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Hergest Ridge Original recording reissued, Original recording remastered

41 customer reviews

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Audio CD, Original recording reissued, Original recording remastered, July 27, 2000
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1. Hergest Ridge (Part One) - Mike Oldfield
2. Hergest Ridge (Part Two) - Mike Oldfield

Product Details

  • Audio CD (July 27, 2000)
  • Original Release Date: 1974
  • Number of Discs: 1
  • Format: Original recording reissued, Original recording remastered
  • Label: Blue Plate Caroline
  • ASIN: B00004T9AG
  • Average Customer Review: 4.1 out of 5 stars  See all reviews (41 customer reviews)
  • Amazon Best Sellers Rank: #312,169 in Music (See Top 100 in Music)

Customer Reviews

Most Helpful Customer Reviews

27 of 30 people found the following review helpful By C.T. Chase on July 27, 2001
Format: Audio CD
Back in the '70's, not long after RIDGE'S release, my mother let me pick out several gifts as usual, that I could have before the "Santa" gifts that went under the tree. Having played the single version of TUBULAR BELLS to death already, I knew I wanted the album and anything else that Mike Oldfield had done. The beautiful blue-green cover of RIDGE hooked me before I even heard the music, and I picked them both. BELLS entranced me as I had expected, but it was RIDGE that made me an Oldfield fan for life. I am not completely sure what happened to my original vinyl copy, but as of now only a beaten-up cassette version of the original mix remains.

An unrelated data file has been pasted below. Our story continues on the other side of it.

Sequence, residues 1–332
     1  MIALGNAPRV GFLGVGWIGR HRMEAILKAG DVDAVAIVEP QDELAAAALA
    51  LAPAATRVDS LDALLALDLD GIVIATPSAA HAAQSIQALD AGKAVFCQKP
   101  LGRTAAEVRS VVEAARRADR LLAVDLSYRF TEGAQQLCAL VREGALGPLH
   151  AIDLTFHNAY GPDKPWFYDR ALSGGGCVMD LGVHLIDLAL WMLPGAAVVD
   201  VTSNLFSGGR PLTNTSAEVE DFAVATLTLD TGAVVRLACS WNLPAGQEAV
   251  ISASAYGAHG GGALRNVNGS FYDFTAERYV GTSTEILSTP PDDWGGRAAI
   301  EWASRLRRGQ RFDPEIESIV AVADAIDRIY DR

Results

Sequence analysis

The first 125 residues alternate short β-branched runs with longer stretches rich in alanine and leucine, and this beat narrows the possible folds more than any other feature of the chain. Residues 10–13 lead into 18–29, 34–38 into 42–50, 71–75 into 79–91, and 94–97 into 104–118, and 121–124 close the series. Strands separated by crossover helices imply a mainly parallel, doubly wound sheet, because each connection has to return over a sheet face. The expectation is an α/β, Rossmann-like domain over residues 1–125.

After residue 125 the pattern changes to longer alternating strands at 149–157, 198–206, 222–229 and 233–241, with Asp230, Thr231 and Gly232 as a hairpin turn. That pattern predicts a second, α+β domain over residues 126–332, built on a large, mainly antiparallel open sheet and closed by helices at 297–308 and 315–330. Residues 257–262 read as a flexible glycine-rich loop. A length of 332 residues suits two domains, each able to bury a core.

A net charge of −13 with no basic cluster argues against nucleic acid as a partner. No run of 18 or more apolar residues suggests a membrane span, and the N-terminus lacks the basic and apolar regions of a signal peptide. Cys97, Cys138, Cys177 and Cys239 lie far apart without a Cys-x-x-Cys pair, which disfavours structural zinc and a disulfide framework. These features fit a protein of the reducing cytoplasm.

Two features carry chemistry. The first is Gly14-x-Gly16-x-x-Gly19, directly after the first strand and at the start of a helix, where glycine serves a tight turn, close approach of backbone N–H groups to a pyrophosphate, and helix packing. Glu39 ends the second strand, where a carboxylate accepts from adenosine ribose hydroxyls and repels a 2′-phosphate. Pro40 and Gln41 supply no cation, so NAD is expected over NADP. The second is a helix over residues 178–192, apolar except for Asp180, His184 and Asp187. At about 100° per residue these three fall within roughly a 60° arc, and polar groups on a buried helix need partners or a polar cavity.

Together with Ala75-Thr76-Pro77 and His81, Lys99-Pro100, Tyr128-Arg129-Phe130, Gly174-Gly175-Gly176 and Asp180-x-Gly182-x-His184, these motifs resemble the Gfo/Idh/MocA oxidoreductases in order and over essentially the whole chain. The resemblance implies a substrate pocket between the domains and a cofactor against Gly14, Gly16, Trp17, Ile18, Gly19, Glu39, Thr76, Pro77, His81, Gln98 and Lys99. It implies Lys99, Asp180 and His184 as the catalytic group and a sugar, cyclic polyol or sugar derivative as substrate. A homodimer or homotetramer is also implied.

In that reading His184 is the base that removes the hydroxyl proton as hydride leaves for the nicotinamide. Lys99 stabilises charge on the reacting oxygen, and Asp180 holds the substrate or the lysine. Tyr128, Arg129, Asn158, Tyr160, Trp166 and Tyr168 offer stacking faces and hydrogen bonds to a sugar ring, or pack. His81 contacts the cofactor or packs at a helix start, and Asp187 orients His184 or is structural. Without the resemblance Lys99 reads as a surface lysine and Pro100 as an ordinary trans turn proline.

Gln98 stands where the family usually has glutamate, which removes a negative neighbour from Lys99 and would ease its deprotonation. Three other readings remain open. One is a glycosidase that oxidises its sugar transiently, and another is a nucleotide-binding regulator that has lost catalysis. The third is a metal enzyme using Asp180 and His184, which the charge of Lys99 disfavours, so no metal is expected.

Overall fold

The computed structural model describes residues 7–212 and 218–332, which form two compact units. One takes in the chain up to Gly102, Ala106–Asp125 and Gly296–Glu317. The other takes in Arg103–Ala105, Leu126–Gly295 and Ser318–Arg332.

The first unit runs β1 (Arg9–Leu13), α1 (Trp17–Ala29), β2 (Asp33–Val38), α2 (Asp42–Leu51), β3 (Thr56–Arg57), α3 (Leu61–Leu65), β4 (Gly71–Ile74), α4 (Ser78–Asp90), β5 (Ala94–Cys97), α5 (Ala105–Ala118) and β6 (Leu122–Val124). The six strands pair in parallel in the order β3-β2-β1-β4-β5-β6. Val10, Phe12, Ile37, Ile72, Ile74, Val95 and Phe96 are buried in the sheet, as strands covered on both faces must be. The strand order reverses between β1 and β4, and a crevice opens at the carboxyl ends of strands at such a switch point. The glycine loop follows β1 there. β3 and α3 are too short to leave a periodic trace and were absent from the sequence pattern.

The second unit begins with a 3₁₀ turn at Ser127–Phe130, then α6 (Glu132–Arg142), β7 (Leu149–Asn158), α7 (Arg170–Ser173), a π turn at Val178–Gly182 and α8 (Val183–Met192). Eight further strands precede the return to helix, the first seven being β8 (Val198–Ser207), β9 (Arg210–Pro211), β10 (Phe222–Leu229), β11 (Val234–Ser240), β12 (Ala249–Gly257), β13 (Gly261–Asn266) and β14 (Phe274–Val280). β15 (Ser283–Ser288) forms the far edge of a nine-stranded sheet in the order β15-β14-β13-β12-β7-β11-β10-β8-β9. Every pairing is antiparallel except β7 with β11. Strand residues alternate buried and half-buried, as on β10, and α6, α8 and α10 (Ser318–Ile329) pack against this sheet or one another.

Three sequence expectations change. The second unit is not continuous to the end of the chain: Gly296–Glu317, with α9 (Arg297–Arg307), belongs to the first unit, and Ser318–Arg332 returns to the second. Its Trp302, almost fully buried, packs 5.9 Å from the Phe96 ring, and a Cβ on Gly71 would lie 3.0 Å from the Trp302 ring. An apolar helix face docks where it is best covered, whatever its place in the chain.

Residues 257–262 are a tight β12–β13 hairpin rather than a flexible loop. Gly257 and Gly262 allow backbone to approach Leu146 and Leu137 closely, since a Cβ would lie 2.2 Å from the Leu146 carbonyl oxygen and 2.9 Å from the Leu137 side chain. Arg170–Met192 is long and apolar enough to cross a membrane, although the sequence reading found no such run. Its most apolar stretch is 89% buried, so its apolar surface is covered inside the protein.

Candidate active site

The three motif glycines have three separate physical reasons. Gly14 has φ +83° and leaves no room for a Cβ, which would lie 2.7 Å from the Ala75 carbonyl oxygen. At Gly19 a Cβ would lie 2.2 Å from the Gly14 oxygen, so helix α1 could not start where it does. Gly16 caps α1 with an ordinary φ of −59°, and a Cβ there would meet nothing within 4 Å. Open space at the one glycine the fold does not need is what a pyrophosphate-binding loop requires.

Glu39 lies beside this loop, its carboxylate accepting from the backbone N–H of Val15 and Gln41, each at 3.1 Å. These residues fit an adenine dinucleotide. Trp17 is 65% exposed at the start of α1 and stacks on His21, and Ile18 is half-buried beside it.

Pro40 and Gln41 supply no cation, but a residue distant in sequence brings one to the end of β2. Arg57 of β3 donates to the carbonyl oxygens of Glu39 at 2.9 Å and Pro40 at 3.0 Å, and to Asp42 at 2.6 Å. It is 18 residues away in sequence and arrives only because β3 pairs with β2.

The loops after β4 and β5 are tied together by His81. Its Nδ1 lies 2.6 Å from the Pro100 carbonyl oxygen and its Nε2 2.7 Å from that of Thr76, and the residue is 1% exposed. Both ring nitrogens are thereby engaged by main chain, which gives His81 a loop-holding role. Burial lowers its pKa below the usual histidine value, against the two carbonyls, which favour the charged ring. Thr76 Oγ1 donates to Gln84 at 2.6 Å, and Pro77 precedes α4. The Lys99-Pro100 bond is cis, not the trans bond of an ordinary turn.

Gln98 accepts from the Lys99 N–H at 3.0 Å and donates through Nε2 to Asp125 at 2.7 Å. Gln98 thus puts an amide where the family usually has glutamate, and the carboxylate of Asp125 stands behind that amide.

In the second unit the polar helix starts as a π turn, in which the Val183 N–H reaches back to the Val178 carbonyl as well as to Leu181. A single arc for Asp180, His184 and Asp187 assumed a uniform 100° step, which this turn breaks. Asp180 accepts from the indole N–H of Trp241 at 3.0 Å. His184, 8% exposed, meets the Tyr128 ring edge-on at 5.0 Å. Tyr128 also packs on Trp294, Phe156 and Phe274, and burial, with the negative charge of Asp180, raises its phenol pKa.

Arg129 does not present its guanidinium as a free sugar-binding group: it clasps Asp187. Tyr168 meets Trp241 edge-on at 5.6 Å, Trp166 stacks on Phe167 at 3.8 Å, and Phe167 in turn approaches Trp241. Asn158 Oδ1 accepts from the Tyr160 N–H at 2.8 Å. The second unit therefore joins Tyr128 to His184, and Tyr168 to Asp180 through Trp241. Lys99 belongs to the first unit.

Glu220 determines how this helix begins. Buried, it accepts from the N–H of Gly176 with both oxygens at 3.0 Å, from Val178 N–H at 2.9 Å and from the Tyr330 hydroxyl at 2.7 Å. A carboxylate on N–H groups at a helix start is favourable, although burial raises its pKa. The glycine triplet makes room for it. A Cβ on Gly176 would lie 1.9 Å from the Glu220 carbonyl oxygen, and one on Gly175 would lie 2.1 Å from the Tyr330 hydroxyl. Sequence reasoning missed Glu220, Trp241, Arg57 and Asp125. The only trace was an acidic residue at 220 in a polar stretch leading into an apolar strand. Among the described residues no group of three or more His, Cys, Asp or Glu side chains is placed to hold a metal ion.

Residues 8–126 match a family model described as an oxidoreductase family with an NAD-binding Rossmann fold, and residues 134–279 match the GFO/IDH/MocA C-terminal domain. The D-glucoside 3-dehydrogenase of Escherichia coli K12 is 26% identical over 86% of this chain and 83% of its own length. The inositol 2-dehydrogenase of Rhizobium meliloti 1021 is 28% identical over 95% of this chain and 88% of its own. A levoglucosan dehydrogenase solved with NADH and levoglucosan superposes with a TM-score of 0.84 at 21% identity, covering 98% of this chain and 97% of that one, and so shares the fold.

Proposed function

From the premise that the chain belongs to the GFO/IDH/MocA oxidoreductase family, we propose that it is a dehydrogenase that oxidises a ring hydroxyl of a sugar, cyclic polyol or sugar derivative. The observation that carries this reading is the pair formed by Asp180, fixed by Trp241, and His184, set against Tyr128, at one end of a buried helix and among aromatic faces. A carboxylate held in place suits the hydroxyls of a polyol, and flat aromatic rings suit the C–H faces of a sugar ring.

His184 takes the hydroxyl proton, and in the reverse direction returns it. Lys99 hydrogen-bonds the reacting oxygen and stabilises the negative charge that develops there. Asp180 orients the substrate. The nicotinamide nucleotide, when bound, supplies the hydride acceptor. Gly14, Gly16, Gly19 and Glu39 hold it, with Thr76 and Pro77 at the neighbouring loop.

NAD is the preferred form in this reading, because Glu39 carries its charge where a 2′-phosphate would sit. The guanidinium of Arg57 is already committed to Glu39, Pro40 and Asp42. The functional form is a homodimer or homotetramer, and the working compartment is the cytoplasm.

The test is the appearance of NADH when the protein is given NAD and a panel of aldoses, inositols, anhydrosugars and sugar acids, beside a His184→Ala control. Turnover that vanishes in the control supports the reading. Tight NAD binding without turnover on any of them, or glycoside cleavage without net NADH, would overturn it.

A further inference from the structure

Flash-forward almost thirty years. I have longed for a clear, remastered version of the original album mix, and unfortunately, MO fans, this ain't it. I would hate to believe that it was the composer himself who effectively vivisected his own masterpiece, but if he is responsible, then that is exactly what's happened. Much of the beautiful textures and nuances that made the original mix such a dreamy delight are gone; in the first movement alone, a mandolin solo is truncated, much of Ted Hobart's majestic rendering of the melody on trumpet is gone, as well as Chili Charles' snare drum track, and much of the lush string section is muted or rendered close to non-existence. The rest doesn't fare much better.
For those who have never heard this piece, it's probably fine for you to hear this version, but I urge you to seek out the original if you can find it. For dyed-in-the-wool MO fans and aficionados, be warned: CAVEAT EMPTOR. As of now I have the first CD release as well as the remastered version, and I can tell you the difference right off the bat: technically, the new version has a crisper, clearer sound.
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13 of 13 people found the following review helpful By Waiman on March 8, 2003
Format: Audio CD
Despite becoming a No.1 album in the UK, Hergest Ridge remains an often overlooked gem. Sandwiched between two more accessible and dynamic albums (Tubular Bells and Ommadawn) Hergest Ridge is, overall, a quiet pastoral affair that beautifully depicts the idyllic region on the border of England and Wales from where it gets its title. It¡¦s not a piece of music that will immediately grab you but those who persevere will be greatly rewarded, though the thunderstorm section on side two may leave opinions divided.